GRETA Granada (Spain): Diana Hicks on thinking skills


(Photo: Greta president Charo Reyes - right - introduces Diana Hicks) Diana began her thought-provoking session with the observation that, although education involves preparing people for the future, many pronouncements on the topic of education are dressed in nostalgic references to golden times past – phrases like “Back to Basics”, a reference to a British programme of putting more emphasis on maths, good spelling and so on.

Diana argued that “retro is fine for fashion, but it has no place in education”.  Filling this thought out, she commented that education in the past was elitist, with life-improving opportunities for the top few per cent and a spectrum of failure for the rest. The elite, which emerge in the next generation, remember the way things were when they were at school and try to create it again for the following generation, in a self-replicating cycle.  Such a cycle is inappropriate as we can’t prepare society for the challenges of the future by reifying the past: neither should we settle for superficial fixes, such as thinking that new technology can be simply grafted onto education leaving the fundamental pedagogy unchallenged.

Society is changing. Today’s kids will have many different jobs in their working life, maybe 10-14 by the age of 38, rather than one career from leaving school to retirement. Many of the jobs that will exist in the future are unheard of today. And it is not only society which is changing – even the very language itself is evolving. If Shakespeare were alive today, he would be illiterate.  Kids need to learn to be resilient and creative. But unfortunately, much of what passes for education is merely rewarding a good memory. Washback from recall-driven exams only reinforces this. It’s as if we were preparing the next generation for a massive pub-quiz!

What does this mean for classroom practice? Diane criticised the overuse of the IRF classroom discourse pattern: question-answer-“Good!”. This, she says, is good for checking, evaluating or just controlling, but does nothing to promote thinking or intellectual engagement. Diane also points out how so many classroom tasks promoted in coursebooks and workbooks focus on lower-order thinking skills such as listing, naming or labelling. Instead of this, she says a child of the 21st Century needs to learn how to ask questions, pose problems, consider solutions and think creatively. She says many coursebooks offer more creative and interesting activities right at the end of a task sequence, as a kind of freer practice reward. She says simply putting this activity at the start of the task sequence rather than at the end would immediately improve matters, putting thinking first and giving the students a voice and giving the teacher some evidence of where they are at in order to better diagnose what they need.  Another simple switch would be to, instead of introducing a new topic with a question like, “What do you know about the French Revolution?”, ask, “What DON’T you know about the French Revolution?”. This will be a lot more interesting for them and revealing for you.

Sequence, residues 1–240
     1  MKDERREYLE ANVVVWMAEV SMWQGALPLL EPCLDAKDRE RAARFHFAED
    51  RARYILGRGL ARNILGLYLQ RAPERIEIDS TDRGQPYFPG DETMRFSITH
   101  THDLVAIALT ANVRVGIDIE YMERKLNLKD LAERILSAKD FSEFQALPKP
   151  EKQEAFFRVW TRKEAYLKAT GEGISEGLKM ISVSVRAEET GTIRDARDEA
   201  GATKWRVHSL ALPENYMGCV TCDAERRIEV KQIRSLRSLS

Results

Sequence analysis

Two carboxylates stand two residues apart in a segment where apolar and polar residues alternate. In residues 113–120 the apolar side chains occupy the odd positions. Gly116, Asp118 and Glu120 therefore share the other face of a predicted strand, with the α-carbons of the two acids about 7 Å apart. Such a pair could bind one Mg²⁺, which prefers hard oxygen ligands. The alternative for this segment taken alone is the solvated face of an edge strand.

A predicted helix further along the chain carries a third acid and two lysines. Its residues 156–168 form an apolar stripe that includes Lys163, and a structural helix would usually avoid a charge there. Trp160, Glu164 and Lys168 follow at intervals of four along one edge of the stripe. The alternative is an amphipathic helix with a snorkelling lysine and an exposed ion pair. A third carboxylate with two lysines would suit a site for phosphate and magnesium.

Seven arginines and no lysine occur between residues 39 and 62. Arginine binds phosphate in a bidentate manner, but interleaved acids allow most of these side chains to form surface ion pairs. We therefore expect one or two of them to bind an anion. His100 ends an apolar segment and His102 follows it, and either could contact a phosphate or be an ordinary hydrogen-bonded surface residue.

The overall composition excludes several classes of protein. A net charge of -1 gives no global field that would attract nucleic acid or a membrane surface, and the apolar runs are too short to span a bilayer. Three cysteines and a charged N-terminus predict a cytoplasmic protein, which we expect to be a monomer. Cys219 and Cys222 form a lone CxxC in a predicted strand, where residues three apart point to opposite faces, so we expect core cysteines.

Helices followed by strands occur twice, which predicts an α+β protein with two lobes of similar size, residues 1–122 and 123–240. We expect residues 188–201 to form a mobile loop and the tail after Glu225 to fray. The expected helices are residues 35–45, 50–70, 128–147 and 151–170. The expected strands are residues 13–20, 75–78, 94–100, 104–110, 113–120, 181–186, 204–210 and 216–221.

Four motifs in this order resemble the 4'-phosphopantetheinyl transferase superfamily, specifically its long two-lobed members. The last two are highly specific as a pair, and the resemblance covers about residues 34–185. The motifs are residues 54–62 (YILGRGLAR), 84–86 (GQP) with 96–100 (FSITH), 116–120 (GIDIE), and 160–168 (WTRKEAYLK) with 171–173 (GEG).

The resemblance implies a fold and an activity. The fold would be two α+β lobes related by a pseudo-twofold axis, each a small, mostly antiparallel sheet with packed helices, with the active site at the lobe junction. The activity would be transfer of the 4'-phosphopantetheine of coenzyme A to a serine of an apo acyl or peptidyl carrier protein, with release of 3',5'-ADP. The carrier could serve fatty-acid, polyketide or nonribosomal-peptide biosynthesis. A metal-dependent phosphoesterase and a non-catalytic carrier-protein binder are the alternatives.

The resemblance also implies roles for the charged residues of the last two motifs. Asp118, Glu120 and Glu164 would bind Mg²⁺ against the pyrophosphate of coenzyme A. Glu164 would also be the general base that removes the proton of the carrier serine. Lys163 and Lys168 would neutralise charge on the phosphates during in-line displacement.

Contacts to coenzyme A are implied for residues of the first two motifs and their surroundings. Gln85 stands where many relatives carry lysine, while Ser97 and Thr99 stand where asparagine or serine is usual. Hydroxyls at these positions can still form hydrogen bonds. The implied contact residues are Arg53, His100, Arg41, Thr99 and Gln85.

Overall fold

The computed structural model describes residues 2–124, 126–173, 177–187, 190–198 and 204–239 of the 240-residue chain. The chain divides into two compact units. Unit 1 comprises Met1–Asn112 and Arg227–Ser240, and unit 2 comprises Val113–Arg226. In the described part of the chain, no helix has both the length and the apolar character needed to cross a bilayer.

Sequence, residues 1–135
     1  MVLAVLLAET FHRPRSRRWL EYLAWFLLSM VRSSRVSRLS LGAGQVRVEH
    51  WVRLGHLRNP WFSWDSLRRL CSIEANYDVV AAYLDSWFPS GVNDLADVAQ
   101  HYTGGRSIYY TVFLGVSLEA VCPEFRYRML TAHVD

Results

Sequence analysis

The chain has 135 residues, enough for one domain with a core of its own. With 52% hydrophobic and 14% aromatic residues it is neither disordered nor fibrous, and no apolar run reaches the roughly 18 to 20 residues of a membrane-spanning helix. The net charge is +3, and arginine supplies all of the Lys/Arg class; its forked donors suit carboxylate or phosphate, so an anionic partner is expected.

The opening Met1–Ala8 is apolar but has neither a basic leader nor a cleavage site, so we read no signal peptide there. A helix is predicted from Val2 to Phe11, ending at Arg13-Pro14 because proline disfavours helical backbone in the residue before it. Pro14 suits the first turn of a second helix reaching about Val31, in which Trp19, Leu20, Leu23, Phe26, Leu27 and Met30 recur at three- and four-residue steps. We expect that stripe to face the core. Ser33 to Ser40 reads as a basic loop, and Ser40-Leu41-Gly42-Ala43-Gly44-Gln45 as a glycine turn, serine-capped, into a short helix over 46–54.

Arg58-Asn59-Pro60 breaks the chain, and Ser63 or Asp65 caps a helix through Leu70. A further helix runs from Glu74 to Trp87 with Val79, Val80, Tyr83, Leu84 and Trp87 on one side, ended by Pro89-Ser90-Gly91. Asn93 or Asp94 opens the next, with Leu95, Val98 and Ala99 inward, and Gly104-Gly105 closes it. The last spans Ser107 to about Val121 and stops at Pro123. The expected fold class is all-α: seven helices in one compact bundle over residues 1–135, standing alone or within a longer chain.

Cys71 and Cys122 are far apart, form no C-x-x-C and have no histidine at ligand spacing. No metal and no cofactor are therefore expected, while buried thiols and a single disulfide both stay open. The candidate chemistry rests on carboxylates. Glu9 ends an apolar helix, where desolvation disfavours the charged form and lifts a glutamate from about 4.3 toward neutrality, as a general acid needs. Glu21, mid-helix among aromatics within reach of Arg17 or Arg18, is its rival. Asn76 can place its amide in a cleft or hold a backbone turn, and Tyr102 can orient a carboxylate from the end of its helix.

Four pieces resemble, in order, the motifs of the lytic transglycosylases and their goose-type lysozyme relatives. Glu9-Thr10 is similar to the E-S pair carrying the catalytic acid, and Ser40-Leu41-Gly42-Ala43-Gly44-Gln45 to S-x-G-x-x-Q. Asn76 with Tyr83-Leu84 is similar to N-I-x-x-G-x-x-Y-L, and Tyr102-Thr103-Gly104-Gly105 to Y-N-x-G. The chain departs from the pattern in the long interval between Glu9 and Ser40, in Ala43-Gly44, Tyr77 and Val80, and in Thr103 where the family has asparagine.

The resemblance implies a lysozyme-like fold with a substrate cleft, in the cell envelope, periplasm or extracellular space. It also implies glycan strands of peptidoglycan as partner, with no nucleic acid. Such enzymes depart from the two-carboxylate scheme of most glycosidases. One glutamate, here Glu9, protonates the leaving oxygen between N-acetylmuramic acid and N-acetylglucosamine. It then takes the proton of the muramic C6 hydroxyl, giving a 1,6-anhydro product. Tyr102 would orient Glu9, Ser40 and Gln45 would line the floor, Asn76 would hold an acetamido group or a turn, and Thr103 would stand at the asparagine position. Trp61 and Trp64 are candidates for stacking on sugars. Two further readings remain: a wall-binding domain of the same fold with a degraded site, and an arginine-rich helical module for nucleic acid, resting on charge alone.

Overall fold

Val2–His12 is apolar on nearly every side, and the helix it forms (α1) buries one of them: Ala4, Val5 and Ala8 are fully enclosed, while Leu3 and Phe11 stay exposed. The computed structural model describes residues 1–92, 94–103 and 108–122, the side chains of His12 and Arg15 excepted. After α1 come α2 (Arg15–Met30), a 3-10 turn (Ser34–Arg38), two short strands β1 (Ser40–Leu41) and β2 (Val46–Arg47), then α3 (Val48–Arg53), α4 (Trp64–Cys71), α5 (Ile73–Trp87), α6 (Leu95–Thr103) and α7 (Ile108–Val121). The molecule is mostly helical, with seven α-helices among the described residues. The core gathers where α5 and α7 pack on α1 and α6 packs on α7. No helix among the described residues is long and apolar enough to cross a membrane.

Diana recommended promoting a meta-awareness of thinking skills with our students. For example, simply ask them the question, “What is thinking?”.  You’d be surprised at what they come up with, she said. There are many different ways of thinking, and different tasks require different strategies. One task might require design thinking, another, ranking thinking, or another, predicting thinking. Students can be made aware of this. For instance, a teacher may set a task, and then ask them, “What kind of thinking do you need for this?”.  Such an approach shifts the emphasis from the ‘doing’ to the ‘how to do’.

Diana recommends doing much of this thinking-skills development in the kids own L1. She said that the mother tongue has a very important role in CLIL. L1 and L2 should be integrated, unlike in immersion programmes. Kids should never need to learn concepts in L2 which they can’t even conceptualize in their L1. In the round table later in the day, she phrased it this way: “English should never hold a monopoly of epistemology”. It shouldn’t come to be viewed as the language of knowledge.  So how should L1 and L2 co-exist in the CLIL classroom? Diane recommends setting explicit parameters for the students, so they know which they’re expected to use when. For example: “Answer the questions. Use English for at least three.”

Read about the rest of the GRETA conference here.


Add new comment